MASS. SOLAR FOR THE MASSES — The Boston Globe: “Five solar projects sprouting along the Massachusetts Turnpike and Route 3 are not the largest in the state, but they are among the most visible and striking examples of a solar industry that has grown more rapidly than most policy makers and energy specialists ever imagined. As tens of thousands of commuters whiz by, the gleaming rows of solar panels in locations like the Interstate 90 service plaza in Framingham, an embankment on the turnpike near Natick, or a rest area on Route 3 in Plymouth show how solar power has been integrated into daily life. The Framingham and Natick projects are already generating power; when the other sites in Framingham and Plymouth become operational later this month, the five solar farms will produce a combined 2,500 kilowatts of electricity, enough to power about 500 homes.”

VIDEO OF THE DAY: Here’s a promotional video touting SolarCity’s partnership with the National Renewable Energy Laboratory.

IRAN NUKE AND CRUDE EXPORTS ON LAWMAKER AGENDA — EnergyWire’s Geof Koss: ”Lawmakers return from the August recess this week to dive headfirst into a crowded fall agenda that includes the hotly contested Iran nonproliferation agreement, preventing another government shutdown, keeping federal highway dollars flowing, as well as possible votes on crude exports and a number of other contentious energy and environmental issues. The early focus in both chambers will be the resolution (H.J. Res. 64) to disapprove the Iran deal, a key foreign policy milestone for President Obama but one that Republicans have denounced en masse.”

LOBBYING DRIVES CRUDE BAN — Houston Chronicle’s Jennifer Dlouhy: “Momentum is building on Capitol Hill to lift a 40-year-old ban on exporting U.S. crude, driven by a sophisticated oil industry lobbying campaign that has enlisted executives, targeted political donors and tapped social media. It's a remarkable reversal for a crusade met with deep skepticism when it was launched less than two years ago. A House subcommittee is expected to approve legislation lifting the export ban this week, setting the stage for full floor action this fall. Although there isn't a clear path in the Senate, Democratic leader Harry Reid has invited a ‘compromise’ on oil exports — an acknowledgment the issue is ripe for a deal. ‘We've come so far, so fast,’ said George Baker, executive director of Producers for American Crude Oil Exports, a coalition of independent oil companies lobbying to lift the ban. ‘This is a whole different issue from where it was back in January.’”

BEHIND CRUDE BUST IN TEXAS — San Antonio Express-News’ Jennifer Hiller: Crude oil’s multi-year boom has turned to bust, catching Meurer and thousands of other workers in a cycle that has played out for generations in Texas. The state could lose 140,000 jobs tied to the oil field this year, a forecast the Dallas branch of the Federal Reserve expects may worsen. Oil has tumbled from $100 per barrel last year to below $50 last week. Economists talk about the supply-demand lesson playing out — how the world market has signaled to the industry it must stop pumping so much oil. Operators speak of technology gains and “transitioning the company to be successful in a lower oil price environment.” But in the same way barbed-wire fences and thorn brush hide the workaday tasks of the oil patch, economic models and dry corporate reports don’t reveal what’s happening in hardscrabble communities — the pawned TVs, fractured relationships and RVs rolling out of South Texas to someplace more hopeful.”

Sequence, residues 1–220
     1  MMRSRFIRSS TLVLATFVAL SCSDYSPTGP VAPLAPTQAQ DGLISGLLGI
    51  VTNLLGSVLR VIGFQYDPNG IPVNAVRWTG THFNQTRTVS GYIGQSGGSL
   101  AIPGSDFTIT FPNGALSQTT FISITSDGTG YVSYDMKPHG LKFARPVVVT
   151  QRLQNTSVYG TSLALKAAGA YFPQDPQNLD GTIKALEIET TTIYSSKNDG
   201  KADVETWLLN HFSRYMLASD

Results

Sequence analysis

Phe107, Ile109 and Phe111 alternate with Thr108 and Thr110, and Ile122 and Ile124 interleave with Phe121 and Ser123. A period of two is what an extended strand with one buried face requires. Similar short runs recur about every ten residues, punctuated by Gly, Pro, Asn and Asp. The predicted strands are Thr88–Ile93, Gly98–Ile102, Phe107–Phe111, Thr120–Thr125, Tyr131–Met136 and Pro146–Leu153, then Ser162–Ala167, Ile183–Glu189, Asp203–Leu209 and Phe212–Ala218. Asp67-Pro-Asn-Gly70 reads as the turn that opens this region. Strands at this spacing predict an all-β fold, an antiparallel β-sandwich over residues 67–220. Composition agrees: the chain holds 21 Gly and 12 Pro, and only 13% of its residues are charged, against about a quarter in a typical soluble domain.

IT’S STILL HOT — Bloomberg: “Spot power prices were surging from New York City to Los Angeles on Tuesday as customers blasted air conditioners to keep cool in what’s projected to be the hottest September since 2005. High temperatures and humidity ‘will be the rule for the next couple of days’ across the Northeast and mid-Atlantic, WSI Corp., a weather services company in Andover, Massachusetts, said in a note to clients. Tuesday’s high in New York’s Central Park reached 97, while in Boston readings peaked at 96, setting daily records for both cities, the National Weather Service said. As of 3 p.m., Washington was 92. An excessive heat warning was issued for the Los Angeles area as part of the region braced for triple-digit temperatures.”

WHY IS IT STILL HOT? Now that Labor Day has passed, we should be able to break out the fall sweaters. Not so, say meteorologists. Climate Central reports, “The heat wave that has a hold on much of the country is due to an area of high pressure parked off the East Coast, Bob Oravec, lead forecaster with the National Weather Service in College Park, Md., said. High pressure tends to lead to stable air and clear skies, which can help send temperatures soaring.”


--Oil benchmarks diverge: The Wall Street Journal reports that U.S. oil fell while European picked up based on competing economic data.

“U.S. oil prices wavered between gains and losses Tuesday before settling down 11 cents, or 0.2%, at $45.94 a barrel on the New York Mercantile Exchange. The U.S. market was closed Monday for the Labor Day holiday ... Meanwhile, robust German exports data provided some support for Brent, the global oil benchmark. Exports from Europe’s biggest economy rose 2.4% over the month in July, while imports also grew. Brent crude is priced based on a blend of North Sea crudes, making it especially sensitive to European economic data.”